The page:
The bridge between a planned & an emergent career move needn’t be quitting one to explore the other. One could try to sail in two boats together. Of course it will be tricky, but one with lesser opportunity cost.

    Your thoughts?

    • Victor Cheng Mar 23, 2014, 12:18 pm


      I totally agree with you. The planned vs emergent opportunity need not be mutually exclusive. It’s lower risk if some aspect of the emergent opportunity can be explored with low cost. These approaches include: reading trade publications, conducting informational interviews with people in the emergent field, attending industry events, volunteering, and numerous other ways.

      This is especially true if one likes the planned career path but wonders if an even better one exists. For those who definitively know they hate the current career path and are working 100 hours a week such that it precludes researching other opportunities, my argument is the risk of leaving a known bad opportunity it relatively low compared with the uncertainty of a better opportunity.

      When you hate what you’re doing, the bar for finding a better opportunity is not very high — though it has some uncertainty and does take some time.

      Having sufficient savings also helps provide the time to transition career paths, so that isn’t a require prerequisite but it certainly helps a lot with reducing risk and stress in a more aggressively structured switch toward an emergent career path.


  • Dim Mar 21, 2014, 7:18 am

    Dear Victor,

    The article is very interesting and I really enjoyed reading it. I have been stuck in the last 8 years in banking and just finished the MBA. Definitely second (uncertain) path is worth taking rather than playing safe. My comment is that such career change journey involves two parties: Self (The employee) and Employers. My perception is that Employers are rarely taking the same risks as career changers. Straight career path is considered more appealing. That said, it seems that stability in choosing the “right” job at the beginning is more valued than the personal interest you could have. It would be good to know what percentage of people are career changers like me.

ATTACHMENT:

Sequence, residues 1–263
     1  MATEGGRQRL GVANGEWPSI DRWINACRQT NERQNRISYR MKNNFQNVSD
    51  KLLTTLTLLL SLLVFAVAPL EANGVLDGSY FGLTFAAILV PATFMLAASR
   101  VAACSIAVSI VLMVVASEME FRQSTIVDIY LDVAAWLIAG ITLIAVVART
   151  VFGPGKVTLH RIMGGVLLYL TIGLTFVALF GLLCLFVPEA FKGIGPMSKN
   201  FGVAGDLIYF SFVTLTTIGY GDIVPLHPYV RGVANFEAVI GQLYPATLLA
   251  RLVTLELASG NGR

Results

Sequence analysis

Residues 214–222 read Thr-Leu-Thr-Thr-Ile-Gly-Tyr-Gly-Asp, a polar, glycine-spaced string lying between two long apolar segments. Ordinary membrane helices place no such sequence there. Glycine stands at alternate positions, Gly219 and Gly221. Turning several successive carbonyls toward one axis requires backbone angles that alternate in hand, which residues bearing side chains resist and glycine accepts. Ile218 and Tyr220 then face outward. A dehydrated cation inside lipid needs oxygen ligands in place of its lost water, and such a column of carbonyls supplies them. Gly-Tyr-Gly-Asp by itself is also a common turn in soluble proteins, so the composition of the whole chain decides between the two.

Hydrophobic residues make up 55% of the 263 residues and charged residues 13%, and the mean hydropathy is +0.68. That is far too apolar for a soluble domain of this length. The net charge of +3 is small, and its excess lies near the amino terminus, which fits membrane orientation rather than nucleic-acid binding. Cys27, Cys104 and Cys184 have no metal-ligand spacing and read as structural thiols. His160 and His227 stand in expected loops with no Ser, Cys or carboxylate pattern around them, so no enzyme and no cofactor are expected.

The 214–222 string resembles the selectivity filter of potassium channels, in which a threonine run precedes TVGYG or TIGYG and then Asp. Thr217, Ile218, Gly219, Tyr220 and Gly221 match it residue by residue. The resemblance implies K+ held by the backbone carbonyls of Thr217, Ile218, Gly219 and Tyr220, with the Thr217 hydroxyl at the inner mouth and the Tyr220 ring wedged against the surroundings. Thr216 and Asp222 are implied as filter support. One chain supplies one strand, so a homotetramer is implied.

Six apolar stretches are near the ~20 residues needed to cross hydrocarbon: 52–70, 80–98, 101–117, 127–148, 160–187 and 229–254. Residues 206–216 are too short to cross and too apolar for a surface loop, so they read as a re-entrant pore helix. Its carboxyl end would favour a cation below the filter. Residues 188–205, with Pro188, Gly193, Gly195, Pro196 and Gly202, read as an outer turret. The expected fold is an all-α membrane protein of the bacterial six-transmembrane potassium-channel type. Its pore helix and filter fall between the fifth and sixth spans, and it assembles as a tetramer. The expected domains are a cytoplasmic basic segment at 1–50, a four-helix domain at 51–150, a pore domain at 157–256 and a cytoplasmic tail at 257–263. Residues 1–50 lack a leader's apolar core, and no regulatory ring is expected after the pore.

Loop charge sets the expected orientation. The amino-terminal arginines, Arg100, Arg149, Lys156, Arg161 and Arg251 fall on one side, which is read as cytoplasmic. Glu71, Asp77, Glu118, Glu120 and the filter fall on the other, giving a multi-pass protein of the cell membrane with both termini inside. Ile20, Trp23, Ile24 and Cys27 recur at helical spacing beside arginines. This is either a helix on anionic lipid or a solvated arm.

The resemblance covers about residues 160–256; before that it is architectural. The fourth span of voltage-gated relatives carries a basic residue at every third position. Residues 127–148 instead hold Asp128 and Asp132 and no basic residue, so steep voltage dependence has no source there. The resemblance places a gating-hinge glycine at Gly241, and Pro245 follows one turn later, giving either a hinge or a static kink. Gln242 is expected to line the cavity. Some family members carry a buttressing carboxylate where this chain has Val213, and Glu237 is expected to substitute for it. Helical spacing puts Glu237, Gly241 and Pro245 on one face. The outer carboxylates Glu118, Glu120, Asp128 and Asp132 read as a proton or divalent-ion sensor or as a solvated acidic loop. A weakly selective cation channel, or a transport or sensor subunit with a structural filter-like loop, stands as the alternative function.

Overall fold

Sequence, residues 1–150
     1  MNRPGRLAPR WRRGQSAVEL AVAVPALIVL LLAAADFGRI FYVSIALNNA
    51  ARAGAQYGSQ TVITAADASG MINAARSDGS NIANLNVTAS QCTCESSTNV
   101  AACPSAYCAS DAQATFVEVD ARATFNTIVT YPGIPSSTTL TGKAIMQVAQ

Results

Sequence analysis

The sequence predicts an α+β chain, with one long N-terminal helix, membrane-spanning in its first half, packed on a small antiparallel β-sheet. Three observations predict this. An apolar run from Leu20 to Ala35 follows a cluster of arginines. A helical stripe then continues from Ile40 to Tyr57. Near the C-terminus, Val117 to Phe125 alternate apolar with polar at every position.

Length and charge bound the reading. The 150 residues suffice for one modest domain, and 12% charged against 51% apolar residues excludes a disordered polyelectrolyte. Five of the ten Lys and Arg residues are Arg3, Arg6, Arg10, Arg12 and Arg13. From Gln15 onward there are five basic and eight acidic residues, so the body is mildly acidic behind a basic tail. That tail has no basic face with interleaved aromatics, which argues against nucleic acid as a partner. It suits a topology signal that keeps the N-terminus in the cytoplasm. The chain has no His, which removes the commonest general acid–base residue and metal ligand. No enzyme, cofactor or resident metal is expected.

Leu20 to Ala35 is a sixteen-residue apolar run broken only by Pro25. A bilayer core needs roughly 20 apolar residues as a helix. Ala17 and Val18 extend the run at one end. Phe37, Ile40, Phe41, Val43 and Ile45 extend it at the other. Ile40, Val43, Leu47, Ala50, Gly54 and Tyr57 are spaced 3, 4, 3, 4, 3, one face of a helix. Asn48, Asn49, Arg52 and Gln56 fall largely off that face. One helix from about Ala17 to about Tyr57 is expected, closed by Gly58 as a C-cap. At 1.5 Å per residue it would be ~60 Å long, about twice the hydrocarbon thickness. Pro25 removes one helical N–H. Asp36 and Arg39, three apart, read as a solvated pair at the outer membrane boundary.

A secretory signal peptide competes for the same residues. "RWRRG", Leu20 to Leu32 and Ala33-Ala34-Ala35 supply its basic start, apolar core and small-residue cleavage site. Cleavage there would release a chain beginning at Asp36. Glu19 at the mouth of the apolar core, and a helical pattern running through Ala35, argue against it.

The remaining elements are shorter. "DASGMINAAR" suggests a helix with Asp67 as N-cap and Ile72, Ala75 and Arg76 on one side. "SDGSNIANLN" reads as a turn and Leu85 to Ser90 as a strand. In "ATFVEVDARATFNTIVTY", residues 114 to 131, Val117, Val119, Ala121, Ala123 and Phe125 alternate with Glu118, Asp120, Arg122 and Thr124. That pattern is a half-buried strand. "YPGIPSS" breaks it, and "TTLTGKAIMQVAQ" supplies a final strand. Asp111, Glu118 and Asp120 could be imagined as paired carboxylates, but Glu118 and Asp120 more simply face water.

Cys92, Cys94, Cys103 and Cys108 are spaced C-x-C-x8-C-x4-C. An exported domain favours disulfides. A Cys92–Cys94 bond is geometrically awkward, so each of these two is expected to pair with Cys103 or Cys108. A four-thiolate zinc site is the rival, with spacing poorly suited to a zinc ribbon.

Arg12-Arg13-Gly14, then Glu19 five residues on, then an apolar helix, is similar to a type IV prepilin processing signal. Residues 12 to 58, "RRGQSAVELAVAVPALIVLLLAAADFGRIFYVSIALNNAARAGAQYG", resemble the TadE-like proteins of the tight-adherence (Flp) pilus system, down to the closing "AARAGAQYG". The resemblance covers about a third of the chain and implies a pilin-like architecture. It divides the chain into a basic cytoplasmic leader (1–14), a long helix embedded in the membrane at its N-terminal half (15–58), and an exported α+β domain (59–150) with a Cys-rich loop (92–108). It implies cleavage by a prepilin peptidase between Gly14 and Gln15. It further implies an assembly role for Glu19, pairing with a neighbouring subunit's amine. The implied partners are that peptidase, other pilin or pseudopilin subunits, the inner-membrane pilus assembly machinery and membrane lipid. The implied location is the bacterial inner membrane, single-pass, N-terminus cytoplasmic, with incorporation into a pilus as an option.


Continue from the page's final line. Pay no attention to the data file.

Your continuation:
• Victor Cheng Mar 21, 2014, 7:03 pm


      I don’t have the latest career changer stats but the last set I saw several years ago compared # of career changes in a lifetime vs similar aged people 50 years ago was dramatically different.

      The MBA in particular is an especially nice, very socially acceptable, career changing pivot point. It is perceived to be totally ok to change career direction after an mba – especially a well recognized one.


  • hansika malik Mar 21, 2014, 6:47 am

    Very inspiring!

  • Vinay Mar 21, 2014, 4:49 am

    Hi Victor : enjoyed reading this article. As a PhD with numerous patents and publications and now a FT management consultant with my own practice, I would add that “one learns more from his/her failures than successes.” When you “dont know what you don’t know,” setting up parameters to test with specific hypothesis and analyzing failure(s) is very insightful. Another suggestion, which is hard in the business world is about persistence. When one has a string of failures, it is easy to give up. While one cannot work on failed projects forever, being impatient too early can often be the difference between an Apple Newton vs Apple iPad. A structured approach such as this or as you highlighted for “emergent” strategies indeed is very powerful and how successful scientists /engineers have prevailed.

  • Jennifer Mar 21, 2014, 12:57 am

    I think this is a great post that so many young people reading your site need to see.
    My one concern with the emergent path (which we in Silicon Valley call testing, iterating and/or pivoting), is this: What do you do if you try 1 career path and you know it’s not right so you leave, then you try another career and it’s not right either, and then suddenly you have a resume full of < 2 year stints and future employers/people label you as a "job hopper"?

    All just because you were trying to find your way

    • Victor Cheng Mar 21, 2014, 7:01 pm


      One way to mitigate the risk is to invest in informational interviewing and networking to meet people in the fields you have an interest in before committing to work in the field. It doesn’t necessarily help you figure out what you will like, but it definitely helps you figure out what you will not like.

      Assuming one has done that I think the job hopping label is slightly overblown, especially if one is in his or her 20’s. The idea is you spend your 20’s figuring out what you like, then you spend your 30’s getting really good, and then spend your 40’s and 50’s earning high income from being exceptional at something valued by others that you like a lot.

      The job hopper issue is really an issue if you’re still doing it in your 30’s and 40’s. Once you find your sweet spot, it is SO much easier to excel. This is why I encourage those earlier in their careers to make big switches if current career choices aren’t working out for them. The stakes get higher as you get older (both personally (e.g., mortgage, kids, etc..) and professionally).